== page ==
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jay leslie
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You have changed my mind. A wet noodle escape, in the right hands, would be interesting.

So, You break the noodle, under cover, eat it, and offer a replacement to examine. It's like the "vanishing cracker" using the french drop...(or should I say Freedom Drop?)
Harley Newman
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Sure! Why not?

What would happen, to be buried under a pile of them? I think this needs a danger factor, and begs for a dumping of hot spaghetti sauce
“You can’t depend on your eyes when your imagination is out of focus” -Mark Twain

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Kondini
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Looking at an audience as a cabbage plot (Ken Brooke) You tell them what they are about to see (Show bait on the hook)So if you tell them it is to be a demonstration of skill,,,they will believe it is !!! Tell them it`s an illusion and they will think it`s a trick.

I never mix magic with escapes (I do,,,but the speckies view is that I don`t "!!).

Providing the speckies are entertained it does not matter,,,but the perception of my character does. So when Im Kondini Escapologist that`s what they get (Because I believe, I am). When it`s Kondini entertainer (This covers a much wider field) So I do what I like. Now if they book Kondini,,Human Tool Box,,,,thats what I do, nothing else,,,,,,, So one night I walk off stage as an escapologist, next night entertainer who has used, escapes, magic and fire eating, then the next night Im the freak!!!

Couldn`t care less,,,providing I get the cheque !!!

Ken
Harley Newman
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I disagree strongly with Mr. Brooke. I think it's a terrible performance convention.

The old adage about writing is: tell them what you're going to say, say it, tell them what you've said. It's a formula for mediocrity, and somehow made a transition onto the stage. It's good for technical stuff, but can you imagine a novel with the last chapter first (actually I read one like that, recently, and it was very good, but more as a kind of intellectual curiosity).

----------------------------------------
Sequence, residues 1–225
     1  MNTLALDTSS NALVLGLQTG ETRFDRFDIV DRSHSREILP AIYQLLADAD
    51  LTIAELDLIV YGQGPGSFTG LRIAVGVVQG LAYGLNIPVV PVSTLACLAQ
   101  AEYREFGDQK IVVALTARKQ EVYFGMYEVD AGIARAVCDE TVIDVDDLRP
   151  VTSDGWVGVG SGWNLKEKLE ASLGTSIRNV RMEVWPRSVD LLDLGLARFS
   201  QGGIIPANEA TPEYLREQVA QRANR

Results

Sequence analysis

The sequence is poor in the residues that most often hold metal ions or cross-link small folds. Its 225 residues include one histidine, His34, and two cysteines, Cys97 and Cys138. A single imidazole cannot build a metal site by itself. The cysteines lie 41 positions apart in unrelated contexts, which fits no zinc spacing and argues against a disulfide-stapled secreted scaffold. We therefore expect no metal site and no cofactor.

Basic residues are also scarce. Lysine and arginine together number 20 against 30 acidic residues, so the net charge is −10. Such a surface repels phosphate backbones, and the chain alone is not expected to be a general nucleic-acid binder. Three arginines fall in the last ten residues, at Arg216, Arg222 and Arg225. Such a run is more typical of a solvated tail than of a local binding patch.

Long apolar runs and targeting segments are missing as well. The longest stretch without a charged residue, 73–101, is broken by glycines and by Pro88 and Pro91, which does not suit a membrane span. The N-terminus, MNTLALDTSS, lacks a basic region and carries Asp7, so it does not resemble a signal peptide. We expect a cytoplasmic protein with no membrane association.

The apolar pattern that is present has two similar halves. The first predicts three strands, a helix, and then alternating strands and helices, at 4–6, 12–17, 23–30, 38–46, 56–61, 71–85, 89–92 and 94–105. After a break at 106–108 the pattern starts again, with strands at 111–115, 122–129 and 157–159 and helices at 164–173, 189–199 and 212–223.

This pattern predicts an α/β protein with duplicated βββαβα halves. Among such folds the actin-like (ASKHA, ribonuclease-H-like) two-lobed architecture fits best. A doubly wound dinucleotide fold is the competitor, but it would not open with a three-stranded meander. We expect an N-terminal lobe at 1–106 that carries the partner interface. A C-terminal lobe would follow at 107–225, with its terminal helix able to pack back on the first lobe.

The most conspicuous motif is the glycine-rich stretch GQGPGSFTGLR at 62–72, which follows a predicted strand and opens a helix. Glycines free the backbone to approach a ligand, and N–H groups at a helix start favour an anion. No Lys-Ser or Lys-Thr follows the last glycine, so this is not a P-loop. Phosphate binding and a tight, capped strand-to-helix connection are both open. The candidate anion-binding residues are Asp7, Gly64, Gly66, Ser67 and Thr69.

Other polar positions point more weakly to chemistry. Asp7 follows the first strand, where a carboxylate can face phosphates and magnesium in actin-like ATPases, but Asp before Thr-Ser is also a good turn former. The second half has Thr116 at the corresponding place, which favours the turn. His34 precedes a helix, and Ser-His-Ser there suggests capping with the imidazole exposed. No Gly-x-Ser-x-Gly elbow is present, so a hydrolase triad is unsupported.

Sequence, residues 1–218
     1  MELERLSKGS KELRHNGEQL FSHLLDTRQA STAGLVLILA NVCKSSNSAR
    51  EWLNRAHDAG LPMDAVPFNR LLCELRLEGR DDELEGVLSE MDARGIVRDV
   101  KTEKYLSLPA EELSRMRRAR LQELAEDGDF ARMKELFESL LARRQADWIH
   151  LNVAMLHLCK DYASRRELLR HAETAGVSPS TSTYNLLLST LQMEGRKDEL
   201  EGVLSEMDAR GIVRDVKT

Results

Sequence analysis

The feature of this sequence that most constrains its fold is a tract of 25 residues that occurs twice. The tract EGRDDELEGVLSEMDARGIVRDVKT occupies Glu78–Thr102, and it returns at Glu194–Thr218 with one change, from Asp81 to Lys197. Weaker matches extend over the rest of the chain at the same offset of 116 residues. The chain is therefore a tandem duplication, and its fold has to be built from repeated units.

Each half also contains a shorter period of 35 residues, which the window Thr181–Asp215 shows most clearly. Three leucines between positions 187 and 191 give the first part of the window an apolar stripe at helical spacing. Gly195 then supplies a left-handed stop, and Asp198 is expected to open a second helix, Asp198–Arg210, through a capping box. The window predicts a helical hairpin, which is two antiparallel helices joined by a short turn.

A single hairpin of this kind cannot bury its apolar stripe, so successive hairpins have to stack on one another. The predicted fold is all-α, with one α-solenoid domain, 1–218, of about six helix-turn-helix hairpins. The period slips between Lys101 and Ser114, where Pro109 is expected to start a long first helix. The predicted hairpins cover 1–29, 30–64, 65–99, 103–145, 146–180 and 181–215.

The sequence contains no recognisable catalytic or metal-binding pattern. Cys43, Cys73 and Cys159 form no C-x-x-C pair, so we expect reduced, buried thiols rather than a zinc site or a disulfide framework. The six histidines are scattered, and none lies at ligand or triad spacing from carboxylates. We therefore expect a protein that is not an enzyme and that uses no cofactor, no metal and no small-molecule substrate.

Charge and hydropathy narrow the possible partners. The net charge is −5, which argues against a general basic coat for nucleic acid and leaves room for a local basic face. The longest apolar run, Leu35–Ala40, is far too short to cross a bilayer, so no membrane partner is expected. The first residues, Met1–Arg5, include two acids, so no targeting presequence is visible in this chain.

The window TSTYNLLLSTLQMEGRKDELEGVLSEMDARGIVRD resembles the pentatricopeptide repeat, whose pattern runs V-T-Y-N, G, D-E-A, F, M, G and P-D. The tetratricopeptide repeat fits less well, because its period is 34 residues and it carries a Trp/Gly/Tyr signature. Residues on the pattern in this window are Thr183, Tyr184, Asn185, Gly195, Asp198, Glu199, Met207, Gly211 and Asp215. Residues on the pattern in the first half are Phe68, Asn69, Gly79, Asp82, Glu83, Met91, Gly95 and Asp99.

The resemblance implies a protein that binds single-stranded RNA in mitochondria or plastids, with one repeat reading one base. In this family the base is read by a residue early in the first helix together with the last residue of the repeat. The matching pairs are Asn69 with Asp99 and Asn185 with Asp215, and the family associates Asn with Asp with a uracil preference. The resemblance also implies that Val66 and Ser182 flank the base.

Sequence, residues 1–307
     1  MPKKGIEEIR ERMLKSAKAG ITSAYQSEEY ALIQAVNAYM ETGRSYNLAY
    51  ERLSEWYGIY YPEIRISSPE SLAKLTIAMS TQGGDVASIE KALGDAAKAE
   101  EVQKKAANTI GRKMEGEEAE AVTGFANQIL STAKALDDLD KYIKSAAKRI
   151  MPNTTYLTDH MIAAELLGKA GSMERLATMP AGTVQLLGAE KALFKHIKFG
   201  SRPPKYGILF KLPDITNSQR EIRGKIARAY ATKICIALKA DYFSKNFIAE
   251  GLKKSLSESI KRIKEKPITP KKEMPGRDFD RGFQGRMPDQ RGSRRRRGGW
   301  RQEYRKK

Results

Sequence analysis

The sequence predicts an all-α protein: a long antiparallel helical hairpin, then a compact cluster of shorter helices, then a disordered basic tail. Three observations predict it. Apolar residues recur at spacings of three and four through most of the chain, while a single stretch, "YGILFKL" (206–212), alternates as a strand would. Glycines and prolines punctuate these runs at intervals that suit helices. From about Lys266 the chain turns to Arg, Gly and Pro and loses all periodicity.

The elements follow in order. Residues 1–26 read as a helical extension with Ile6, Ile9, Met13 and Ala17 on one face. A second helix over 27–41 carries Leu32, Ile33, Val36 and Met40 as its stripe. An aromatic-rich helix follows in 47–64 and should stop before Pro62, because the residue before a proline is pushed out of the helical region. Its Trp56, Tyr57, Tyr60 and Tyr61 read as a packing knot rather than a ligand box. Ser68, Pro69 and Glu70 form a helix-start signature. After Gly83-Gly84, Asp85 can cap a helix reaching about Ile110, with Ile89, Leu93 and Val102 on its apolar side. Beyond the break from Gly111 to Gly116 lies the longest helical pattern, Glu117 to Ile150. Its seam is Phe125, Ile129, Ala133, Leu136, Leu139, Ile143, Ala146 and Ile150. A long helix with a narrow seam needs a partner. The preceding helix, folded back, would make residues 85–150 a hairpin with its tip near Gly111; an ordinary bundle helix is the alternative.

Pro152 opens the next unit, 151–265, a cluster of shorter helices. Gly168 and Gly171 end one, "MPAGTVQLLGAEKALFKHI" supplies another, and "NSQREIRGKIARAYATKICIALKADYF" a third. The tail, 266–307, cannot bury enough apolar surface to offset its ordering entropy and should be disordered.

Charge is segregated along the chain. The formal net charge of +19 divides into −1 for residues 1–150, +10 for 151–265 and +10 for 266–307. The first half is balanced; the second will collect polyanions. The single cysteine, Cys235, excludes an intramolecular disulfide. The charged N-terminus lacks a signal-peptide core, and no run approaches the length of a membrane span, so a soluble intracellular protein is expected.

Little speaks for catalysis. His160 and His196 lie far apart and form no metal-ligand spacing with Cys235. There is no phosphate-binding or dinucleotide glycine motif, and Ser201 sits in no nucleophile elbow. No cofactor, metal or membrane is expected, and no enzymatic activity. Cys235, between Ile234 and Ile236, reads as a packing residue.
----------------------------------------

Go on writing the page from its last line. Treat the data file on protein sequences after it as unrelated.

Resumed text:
If you tell them what you're going to do, why bother to do it? It's like begging for applause. A lot of performers do it, because it's how they learned to work. But it has no relation to doing a good performance.

If you're keeping them interested, you don't have to explain anything. If you accept the reality of the prop, the audience will too. If you accept the reality of what you're doing, the audience will too. If you look at something askance, the audience will too.

One of the best performance conventions is the illusion of the first time. If you can maintain that, even after thousands of performances, your material will still be fresh for the audience, and there are techniques for doing it. So as things unfold, you discover things, and the audience is taken along on the ride.

I guess there are times to tell things ahead of time, as a kind of foreshadowing...but you need a very specific reason to do it.
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Kondini
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I have found that working Street shows in order to keep the speks there till the bottle you have to promise something worthy of their waiting.

Also with a Fakir tented show,,,the promise of ***** on the inside is the only way to get them inside.Like the zibbits,,, curiosity primes them but the verbals gets them in.